Colin Elliott
Colin Elliott
4 months ago

You’re frightening me! There may be nuclear weapons waiting nearby, just in case they’re wanted, while meanwhile, explosions take place at arms stores. According to the Russians, these are caused by accidents rather than enemy action, which is why I worry.

Douglas Proudfoot
Douglas Proudfoot
4 months ago
Reply to  Colin Elliott

Nuclear weapons have fail-safe fuses, even Russian ones. It’s difficult to make two sub-critical pieces of uranium combine into a critical mass that causes a nuclear chain reaction explosion. For obvious reasons, nuclear weapons are not stored in a condition where it’s possible they can go off accidentally. The explosive fuses that force the two pieces of uranium together are only installed just before launch.

Even if nuclear weapons are present in a Russian ammo dump exploded by Ukrainian shelling, there will never be a resulting nuclear detonation.

Aaron James
Aaron James
4 months ago

?

Did I miss the point of this article?

Dermot O'Sullivan
Dermot O'Sullivan
4 months ago
Reply to  Aaron James

Sorry to be flippant, but this article brings VAR to mind!

CHARLES STANHOPE
CHARLES STANHOPE
4 months ago

Russia sadly suffers from the same delusions of grandeur as the United Kingdom.
Both were once Imperial powers, and both ultimately collapsed.
However again it was not catastrophic military defeat that caused this collapse, but rather slow, inexorable financial exhaustion.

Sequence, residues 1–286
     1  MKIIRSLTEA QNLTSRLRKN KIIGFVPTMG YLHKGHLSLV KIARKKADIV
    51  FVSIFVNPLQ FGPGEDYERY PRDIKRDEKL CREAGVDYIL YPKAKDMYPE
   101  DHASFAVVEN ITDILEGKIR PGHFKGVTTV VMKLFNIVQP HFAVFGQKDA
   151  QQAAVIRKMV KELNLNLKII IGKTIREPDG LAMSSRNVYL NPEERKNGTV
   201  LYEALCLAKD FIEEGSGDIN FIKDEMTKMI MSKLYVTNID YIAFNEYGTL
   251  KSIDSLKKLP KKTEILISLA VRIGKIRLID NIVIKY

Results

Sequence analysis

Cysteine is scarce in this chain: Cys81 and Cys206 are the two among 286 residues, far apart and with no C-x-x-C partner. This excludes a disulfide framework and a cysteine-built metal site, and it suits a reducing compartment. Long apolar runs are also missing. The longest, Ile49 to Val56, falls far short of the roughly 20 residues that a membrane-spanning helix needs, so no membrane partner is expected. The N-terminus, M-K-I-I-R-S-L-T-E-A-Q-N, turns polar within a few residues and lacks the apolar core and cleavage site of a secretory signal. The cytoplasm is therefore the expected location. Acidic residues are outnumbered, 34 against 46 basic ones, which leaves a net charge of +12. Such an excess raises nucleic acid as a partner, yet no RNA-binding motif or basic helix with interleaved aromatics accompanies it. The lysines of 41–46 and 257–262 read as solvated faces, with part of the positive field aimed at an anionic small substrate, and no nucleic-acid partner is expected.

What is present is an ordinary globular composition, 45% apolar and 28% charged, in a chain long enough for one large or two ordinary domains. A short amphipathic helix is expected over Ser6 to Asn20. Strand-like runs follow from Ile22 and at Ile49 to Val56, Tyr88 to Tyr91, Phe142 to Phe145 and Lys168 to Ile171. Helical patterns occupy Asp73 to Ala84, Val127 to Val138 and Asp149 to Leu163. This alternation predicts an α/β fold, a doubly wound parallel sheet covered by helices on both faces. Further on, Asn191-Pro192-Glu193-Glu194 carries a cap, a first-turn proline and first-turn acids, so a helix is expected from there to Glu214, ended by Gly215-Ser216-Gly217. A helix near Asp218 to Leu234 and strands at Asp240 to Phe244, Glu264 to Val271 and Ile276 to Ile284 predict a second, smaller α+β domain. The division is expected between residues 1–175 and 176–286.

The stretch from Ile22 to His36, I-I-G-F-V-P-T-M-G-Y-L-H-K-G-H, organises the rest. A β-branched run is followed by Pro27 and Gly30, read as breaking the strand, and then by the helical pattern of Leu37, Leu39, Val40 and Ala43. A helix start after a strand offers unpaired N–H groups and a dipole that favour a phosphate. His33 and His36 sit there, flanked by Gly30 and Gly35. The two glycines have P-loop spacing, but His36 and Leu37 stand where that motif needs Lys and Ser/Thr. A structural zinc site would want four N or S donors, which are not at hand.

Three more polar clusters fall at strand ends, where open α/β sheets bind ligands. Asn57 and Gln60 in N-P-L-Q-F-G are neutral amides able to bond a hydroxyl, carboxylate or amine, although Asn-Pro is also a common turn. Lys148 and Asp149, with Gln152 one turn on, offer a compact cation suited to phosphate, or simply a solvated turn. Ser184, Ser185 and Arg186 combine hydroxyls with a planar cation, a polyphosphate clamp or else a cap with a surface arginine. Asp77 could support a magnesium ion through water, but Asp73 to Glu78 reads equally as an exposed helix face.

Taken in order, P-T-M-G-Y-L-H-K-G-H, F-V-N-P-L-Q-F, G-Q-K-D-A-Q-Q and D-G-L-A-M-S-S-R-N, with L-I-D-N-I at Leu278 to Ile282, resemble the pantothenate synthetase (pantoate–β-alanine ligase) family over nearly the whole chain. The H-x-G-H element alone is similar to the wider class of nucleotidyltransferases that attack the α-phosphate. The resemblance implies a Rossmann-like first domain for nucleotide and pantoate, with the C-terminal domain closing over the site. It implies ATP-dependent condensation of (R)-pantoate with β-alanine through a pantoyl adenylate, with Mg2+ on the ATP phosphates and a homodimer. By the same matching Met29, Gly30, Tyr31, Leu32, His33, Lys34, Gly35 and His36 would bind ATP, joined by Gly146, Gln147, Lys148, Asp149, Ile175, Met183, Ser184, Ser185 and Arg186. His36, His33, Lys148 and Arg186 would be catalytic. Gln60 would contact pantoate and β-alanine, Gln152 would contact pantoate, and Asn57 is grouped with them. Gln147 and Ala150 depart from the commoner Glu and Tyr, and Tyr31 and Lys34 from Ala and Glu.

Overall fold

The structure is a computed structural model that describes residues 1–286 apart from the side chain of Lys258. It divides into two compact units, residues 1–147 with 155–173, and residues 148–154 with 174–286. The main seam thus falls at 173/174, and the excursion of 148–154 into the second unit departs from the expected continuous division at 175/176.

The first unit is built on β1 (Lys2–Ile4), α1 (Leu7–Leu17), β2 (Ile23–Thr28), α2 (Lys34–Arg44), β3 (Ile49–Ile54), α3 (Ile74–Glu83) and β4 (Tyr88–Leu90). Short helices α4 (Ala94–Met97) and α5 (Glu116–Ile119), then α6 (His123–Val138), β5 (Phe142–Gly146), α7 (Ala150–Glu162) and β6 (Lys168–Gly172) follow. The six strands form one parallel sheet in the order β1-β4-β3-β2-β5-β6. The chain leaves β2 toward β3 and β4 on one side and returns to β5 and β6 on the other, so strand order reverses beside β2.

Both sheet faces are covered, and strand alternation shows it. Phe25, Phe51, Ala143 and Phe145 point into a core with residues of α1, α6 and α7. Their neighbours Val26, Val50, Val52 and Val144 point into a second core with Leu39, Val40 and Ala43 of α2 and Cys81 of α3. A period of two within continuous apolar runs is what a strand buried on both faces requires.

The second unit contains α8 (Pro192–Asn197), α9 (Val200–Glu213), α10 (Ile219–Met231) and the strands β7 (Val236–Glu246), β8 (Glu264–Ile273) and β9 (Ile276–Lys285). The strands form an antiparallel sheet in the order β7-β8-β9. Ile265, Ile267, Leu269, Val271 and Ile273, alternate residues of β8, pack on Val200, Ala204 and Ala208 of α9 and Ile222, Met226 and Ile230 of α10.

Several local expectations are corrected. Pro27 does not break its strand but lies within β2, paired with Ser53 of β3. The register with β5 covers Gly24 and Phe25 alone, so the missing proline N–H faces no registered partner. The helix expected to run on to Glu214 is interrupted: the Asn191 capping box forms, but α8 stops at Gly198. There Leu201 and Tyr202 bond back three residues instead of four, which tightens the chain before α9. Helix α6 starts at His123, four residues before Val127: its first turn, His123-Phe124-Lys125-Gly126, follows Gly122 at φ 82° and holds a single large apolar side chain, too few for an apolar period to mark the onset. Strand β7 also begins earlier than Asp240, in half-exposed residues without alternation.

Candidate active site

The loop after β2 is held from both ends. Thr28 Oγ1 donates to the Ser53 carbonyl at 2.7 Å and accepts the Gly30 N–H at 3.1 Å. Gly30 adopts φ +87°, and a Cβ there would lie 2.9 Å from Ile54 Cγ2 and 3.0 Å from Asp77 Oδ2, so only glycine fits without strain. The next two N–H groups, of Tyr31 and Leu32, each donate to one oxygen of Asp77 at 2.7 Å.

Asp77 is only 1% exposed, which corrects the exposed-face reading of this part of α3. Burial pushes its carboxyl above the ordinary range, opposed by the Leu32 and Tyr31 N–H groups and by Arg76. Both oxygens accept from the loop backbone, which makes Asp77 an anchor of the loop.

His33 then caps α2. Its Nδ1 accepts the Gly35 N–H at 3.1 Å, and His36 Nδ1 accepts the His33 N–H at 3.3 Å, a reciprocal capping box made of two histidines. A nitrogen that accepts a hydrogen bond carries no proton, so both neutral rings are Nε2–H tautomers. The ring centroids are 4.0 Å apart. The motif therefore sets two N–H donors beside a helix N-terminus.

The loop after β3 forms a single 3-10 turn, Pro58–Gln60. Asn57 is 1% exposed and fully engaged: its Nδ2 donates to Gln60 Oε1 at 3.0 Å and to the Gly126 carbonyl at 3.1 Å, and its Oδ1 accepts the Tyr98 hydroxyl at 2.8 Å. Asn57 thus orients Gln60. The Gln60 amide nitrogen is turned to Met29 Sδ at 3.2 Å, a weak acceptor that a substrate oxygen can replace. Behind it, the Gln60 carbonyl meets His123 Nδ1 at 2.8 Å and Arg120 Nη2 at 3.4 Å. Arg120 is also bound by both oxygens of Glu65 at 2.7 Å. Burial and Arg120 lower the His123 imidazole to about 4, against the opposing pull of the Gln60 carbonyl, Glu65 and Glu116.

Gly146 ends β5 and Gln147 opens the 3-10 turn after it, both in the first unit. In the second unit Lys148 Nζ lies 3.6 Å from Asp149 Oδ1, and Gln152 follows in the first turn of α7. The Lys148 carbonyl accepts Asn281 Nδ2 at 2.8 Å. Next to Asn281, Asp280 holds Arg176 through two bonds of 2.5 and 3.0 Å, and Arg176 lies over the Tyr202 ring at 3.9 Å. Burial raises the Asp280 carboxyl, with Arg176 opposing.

Unfortunately this ‘death by a thousand cuts’ engendered a sense of denial and thus the delusion of grandeur persists.
Russia humiliated is likely to be a dangerous beast, even in its death throes.

N T
N T
4 months ago

You are entering (doo-dee-doo-doo doo-dee-doo-doo)
The Twilight Zone

Dominic A
Dominic A
4 months ago

I think we are all discovering, Putin included, that the Russian system and in particular, military/security, has been deeply corroded, corrupted, and is catastrophically unfit-for-purpose. For the third time in a little over a century. For all the faults of the West, and of Asia, we tend to pull through after disaster – sufficient hope, rebirth, learning hard lessons. Poor old Russia – to paraphrase the Sage, B. Spears, ‘Oops We did it again’.

Wim de Vriend
Wim de Vriend
4 months ago
Reply to  Dominic A

Russian disenchantment with their government’s military goes back further than a century. Losing the Crimean War of 1853-56 was a humiliating blow, since Russia’s navy was banned from the Black Sea, albeit temporarily. And the destruction of 2 Russian fleets by the Japanese during the war of 1904/1905 caused further discontent, riots and a revolution which, although put down, must have added fuel to the one in 1917.

Steve White
Steve White
4 months ago

Here is the thing though. Russia is not in trouble. Putin is not in trouble. Russia is holding all the cards with all these sanctions. Much better than Europe is. So, Russians aren’t freaking out, and Putin is not freaking out. Germany is freaking out. Russia is running a very low-loss slow-grind artillery driven operation here. If Putin wanted to take things up a notch, he would take out all of the Ukrainian electric grid with missiles, leaving all the rest of Ukraine to the dark cold winter. Sort of like what Europe is freaking out about right now as their own economies are looking so gloomy.